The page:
by Rob Roper
The Vermont League of Cities & Towns recently released its Model Lake Shoreland Protection District Bylaw and Technical Paper Number 6, Protecting Vermont’s Lakes through Shoreland District Zoning. According to the press release:
These new publications provide municipalities with a clear-cut framework that is simple to develop and administer. The Model Lake Shoreland Protection District Bylaw includes measures such as setbacks, clearing limitations, vegetation protection, land disturbance management, and impervious area standards to protect shoreland buffers and water quality from the adverse impacts of poorly planned lakeshore development. The lake shoreland model language can be easily incorporated into an existing land use regulation and adapted to meet the unique conditions of your community.
Very easily. The pre-written legal language opens with the sentence, “This bylaw is adopted by the Town of ____________ under authority of 24 V.S.A. § 4424, 24,” etc… Just fill in the name of your town. The result would be that affected property owners would no longer have very much say over how they use their property.
If adopted, these regulations would apply to , “…all land in the Town of ____________ …. The width of land measured horizontally from the Mean WaterLevel to at least 500 feet but no more than 1000 feet from all Lakes.” Also, “The width of land measured horizontally from the MeanWater Level at least 100 feet from all Lakes. The Shoreland Buffer Resource Zone may exceed100 feet if it includes a Bluff and/or a Steep Slope as defined in this Section. In that case, theShoreland Buffer Resource Zone shall include the entire Bluff and/or Steep Slope and all landlocated at least 25 feet from the top of the Bluff and/or Steep Slope.”
Basically, the fourteen pages of regulations say that if you own waterfront property, you can’t cut down trees to improved your view, build or improve any structures on the site outside of some very onerous specifications, alter the property in any way, and certainly not without a great deal of hassle for the property owner. So really, what’s the point of living by a lake?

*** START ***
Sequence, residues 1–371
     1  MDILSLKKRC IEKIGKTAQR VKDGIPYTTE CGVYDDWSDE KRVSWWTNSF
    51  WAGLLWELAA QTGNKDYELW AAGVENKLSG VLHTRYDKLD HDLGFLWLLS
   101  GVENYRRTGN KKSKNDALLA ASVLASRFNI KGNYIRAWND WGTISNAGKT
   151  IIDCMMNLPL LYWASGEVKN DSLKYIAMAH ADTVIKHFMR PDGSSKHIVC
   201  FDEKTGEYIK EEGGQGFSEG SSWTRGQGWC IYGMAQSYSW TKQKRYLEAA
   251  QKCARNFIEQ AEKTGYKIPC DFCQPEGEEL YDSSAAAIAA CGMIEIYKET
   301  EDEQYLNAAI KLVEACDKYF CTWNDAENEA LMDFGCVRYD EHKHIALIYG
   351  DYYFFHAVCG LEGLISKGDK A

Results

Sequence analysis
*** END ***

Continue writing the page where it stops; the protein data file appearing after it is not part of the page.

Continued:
One section on the cutting of trees reads, for example,
Within the Shoreland Buffer Resource Zone, tree coverage shall be managed with a 25×25foot grid and points system. The trees within each segment shall be given points according totheir diameter at 4.5 feet off the ground (DBH). Tree coverage must total 12 points in eachgrid. Trees and saplings may be cut as long as the sum of the scores for the remaining treesand saplings in the grid segment is at least 12 points.
Can’t figure out what that means? You better, because the only allowable reasons for cutting a trees are to remove threats to personal safety or structures. How is that determined? Well, the burden of proof is on the property owner. Proof that can be obtained through, “written certification signed by an individual with knowledge and experience in assessingtree health – such as a licensed forester, certified arborist, or licensed landscape architect- that the trees and limbs that were removed were unsafe.”
Without that proof, “any fine or injunctive order levied against the property owner, removal of treesor saplings in violation of this section shall require implementation of a shoreland restorationplan designed by a qualified professional…”
But don’t worry. Even though you cannot see the water from your lakeshore cabin, you can certainly access it, by, “Cutting of shrubs or groundcover smaller than 4 inches in diameter for an access footpathnot to exceed a cleared width of six feet, with no imported fill, and constructed so as toprevent erosion, avoid soil disturbance and disperse runoff into vegetated areas usingzigzag or switchback construction. The construction shall not involve earth movingequipment and stumps and roots must remain intact.”
We won’t even get into the section on structures in this article, as it would take up too much space. Just to say that if you own shorefront property and have an existing structure on that property, consider it to have a bullseye on it. Yes, you can repair it, but, “repair does not include reconstruction.” So, if say the lake were to flood and destroy your grandfathered summer fishing cabin, you’re pretty much out of luck. But, of course, when would such an event ever occur in our lifetimes?